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What I learned last week

What I learned last week (#53 and #54)

A programming note: I was literally under a rock the past week with the flu, so I am combining the last two weeks together as a single-not-quite-double-edition.

The origin of a family favorite: We still use a slow cooker (although the pressure cooker as taken over most of those duties). It’s been a mainstay in my kitchen, and I enjoyed reading A Brief History of the Crock Pot.

At Chicago’s 1971 National Housewares Show, Rival unveiled its newly rebranded version of the Naxon Beanery. Dubbed the Crock Pot, the appliance received a new name, refreshed appearance and a booklet of professionally-tested recipes. Home cooks eagerly brought their Crock Pots home, in distinctly ‘70s hues like Harvest Gold and Avocado. Advertising campaigns, along with word of mouth, drove sales from $2 million in 1971 to an astounding $93 million four years later.


There’s nothing like going to see live music: We went to see Snow Patrol in Edinburgh this month, the first push in an ongoing effort to get out and see more music. The sound was fantastic, but as I watched the activity at the side of the stage, I was thinking about the work the sound techs were doing and what it would be like to hear what it sounds like coming directly from them after reading this article on mixhalo.

Regardless, I don’t want perfect sound at a show. I want to go for the energy and, for lack of a better word, emotion.


I’m relating to all these late bloomers: I’m 40 and feel like I’ve yet to hit my prime. Maybe wishful thinking, maybe not. This is why the profiles of people who do great things late in life appeal to me so much. My ears perk up when I hear that Peter Drucker wrote 2/3’s of his 35 books after the age of 65. A recent Jessiwrites podcast with artist Lisa Congdon caught my attention for this same reason, her having only taken her first drawing class at age 30 and turning to art full time at nearly 40.

Sometimes the time isn’t right when you are young, and things need to simmer a bit more. But I think that another, even stronger force for getting after it as you get older is you are more you than ever and have learned to say and do what you want.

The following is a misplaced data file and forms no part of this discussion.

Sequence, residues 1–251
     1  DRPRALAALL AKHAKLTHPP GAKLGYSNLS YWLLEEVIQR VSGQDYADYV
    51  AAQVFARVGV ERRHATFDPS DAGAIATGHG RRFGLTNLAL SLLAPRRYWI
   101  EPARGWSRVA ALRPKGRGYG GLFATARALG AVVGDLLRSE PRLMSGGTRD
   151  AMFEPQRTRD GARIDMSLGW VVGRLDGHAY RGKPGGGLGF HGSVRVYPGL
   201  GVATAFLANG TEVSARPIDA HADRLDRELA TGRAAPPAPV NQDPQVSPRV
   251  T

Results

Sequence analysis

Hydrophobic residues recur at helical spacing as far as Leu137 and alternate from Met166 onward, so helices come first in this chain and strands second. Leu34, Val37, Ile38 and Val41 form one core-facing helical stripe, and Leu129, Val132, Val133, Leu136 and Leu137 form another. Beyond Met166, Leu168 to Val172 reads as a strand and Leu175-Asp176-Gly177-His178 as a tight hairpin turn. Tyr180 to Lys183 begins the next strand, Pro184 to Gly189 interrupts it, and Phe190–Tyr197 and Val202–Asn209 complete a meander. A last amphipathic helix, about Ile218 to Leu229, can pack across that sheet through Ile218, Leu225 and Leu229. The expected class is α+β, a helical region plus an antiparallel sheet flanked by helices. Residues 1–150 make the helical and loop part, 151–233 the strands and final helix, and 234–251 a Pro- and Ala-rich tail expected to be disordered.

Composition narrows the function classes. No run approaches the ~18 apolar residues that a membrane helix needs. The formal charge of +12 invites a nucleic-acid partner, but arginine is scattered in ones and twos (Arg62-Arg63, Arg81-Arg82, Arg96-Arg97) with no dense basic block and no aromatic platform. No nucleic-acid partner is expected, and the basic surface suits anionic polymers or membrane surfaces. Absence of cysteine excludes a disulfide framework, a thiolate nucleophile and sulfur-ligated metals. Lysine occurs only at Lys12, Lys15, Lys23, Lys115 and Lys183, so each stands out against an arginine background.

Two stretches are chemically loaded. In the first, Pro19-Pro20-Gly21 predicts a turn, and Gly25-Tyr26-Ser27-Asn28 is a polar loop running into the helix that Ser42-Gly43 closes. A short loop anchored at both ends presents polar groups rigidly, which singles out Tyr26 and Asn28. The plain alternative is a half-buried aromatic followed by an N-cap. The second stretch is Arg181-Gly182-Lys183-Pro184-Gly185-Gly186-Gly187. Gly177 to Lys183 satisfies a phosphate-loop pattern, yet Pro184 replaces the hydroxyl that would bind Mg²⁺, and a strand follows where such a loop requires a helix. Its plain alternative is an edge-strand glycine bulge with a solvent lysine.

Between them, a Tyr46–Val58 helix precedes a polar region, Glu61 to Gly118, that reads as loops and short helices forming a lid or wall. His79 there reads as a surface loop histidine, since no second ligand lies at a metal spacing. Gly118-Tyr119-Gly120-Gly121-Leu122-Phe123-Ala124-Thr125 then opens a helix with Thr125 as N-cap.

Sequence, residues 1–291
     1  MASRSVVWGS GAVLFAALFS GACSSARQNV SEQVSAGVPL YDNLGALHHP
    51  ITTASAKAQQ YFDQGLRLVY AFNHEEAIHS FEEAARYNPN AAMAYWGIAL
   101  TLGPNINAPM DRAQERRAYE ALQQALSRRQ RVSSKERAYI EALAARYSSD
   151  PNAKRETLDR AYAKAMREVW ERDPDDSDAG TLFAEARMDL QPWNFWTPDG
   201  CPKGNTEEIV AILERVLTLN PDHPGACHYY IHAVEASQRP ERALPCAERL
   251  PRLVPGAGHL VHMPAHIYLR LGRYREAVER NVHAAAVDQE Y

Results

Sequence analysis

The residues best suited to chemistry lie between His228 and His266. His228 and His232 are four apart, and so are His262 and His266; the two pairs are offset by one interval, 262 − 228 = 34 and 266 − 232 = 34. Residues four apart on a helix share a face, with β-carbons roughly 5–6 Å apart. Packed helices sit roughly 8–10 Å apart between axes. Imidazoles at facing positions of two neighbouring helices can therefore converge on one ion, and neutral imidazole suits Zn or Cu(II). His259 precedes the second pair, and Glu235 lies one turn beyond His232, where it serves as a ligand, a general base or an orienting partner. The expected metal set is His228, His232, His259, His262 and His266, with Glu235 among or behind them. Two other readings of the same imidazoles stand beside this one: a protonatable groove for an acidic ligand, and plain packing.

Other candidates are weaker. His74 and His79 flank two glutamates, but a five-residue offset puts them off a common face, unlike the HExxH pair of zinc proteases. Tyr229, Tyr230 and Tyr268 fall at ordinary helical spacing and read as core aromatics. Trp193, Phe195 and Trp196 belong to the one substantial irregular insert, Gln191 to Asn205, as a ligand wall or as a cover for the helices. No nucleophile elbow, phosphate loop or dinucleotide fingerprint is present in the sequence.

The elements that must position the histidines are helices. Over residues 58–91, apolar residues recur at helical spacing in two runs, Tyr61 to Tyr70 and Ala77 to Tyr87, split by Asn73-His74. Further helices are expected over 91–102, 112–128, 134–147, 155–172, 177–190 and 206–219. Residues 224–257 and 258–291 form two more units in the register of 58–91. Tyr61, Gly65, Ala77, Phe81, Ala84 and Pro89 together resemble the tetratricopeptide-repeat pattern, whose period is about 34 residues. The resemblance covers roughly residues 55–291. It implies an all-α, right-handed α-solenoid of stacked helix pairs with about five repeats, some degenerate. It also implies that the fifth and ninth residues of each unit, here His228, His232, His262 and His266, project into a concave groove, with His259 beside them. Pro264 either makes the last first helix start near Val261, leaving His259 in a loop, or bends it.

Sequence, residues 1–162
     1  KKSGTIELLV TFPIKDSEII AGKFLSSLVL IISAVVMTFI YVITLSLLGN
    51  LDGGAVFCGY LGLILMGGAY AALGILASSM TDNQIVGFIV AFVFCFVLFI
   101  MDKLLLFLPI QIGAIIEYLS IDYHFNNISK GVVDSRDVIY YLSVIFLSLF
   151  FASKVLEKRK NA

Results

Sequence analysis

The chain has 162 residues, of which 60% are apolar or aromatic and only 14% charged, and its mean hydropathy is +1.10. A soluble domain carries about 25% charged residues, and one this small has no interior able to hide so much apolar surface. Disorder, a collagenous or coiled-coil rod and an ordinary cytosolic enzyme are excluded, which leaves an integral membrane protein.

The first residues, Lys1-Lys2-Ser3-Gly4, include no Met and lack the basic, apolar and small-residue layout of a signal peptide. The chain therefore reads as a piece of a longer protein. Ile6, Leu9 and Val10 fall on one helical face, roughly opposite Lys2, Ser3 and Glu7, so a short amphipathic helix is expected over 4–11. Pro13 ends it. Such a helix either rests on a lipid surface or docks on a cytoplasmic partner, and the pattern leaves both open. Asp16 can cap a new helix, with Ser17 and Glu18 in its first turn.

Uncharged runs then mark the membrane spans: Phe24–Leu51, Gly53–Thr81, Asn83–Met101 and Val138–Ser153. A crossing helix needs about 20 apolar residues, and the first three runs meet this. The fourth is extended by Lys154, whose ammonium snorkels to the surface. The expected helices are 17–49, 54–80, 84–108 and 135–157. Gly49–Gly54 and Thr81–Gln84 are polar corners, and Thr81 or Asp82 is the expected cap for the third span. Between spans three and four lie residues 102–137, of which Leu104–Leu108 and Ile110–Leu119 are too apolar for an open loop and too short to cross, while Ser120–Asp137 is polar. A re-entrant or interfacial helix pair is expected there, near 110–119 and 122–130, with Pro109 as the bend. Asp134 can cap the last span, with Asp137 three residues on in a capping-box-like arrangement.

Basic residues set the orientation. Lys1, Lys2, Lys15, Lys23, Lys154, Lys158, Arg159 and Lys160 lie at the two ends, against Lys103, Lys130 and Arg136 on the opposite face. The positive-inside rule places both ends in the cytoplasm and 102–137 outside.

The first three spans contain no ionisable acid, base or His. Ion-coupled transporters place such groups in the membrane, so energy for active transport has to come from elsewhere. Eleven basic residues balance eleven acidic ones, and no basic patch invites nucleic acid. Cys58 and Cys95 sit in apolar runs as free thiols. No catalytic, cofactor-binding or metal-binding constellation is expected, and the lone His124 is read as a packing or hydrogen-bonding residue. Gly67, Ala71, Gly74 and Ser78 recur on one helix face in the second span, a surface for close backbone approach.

Apostrophe society shuts down: Because ignorance and laziness have won! I’ve been guilty of making “its” possessive once in a while, as in “The paper was not up to it’s predecessors standards.” Sorry, I try.


I love not living in my inbox: Since changing work, I spend 90% less time in email than I did, but I still have to write a decent bit of email on a regular basis. Now I’m much more conscious of how much time is wasted by not being specific with dates, what I need/will do/won’t do, and to whom I need it. With few exceptions, I’m trying to close loops in email, not open them. How to write better emails has some important points to note in this regard.


Books I read in 2019: I counted 21 for 2019, not bad considering I have a tendency to get stuck on books I don’t like (and am working hard on that).


Book excerpt from a book on that list:

Ultimately, though, the prime driver for my own exploration in this field has been creating the space to catalyze and access new, creative, and valuable thinking and direction. To a great extent, that’s actually not something you need to exert a lot of energy to achieve, if you have gotten this far in implementing this methodology. We are naturally creative beings, invested in our existence to live, grow, express, and expand. The challenge is not to be creative—it’s to eliminate the barriers to the natural flow of our creative energies. (Getting Things Done, David Allen)


A reminder it’s always better to go outside first:

Before you make a big decision, walk around the block.

If it’s raining out, take the dog for a run.

End the meeting a few minutes early and go for a stroll with the team.

Instead of an afternoon snack, consider some sunshine.

The less convenient, the more it pays.

A hard habit to create, but definitely worth it.

When in doubt, go outside. Especially when it’s inconvenient.

(If you want to see this as a metaphor, that’s good too.)

https://seths.blog/2019/12/what-is-it/


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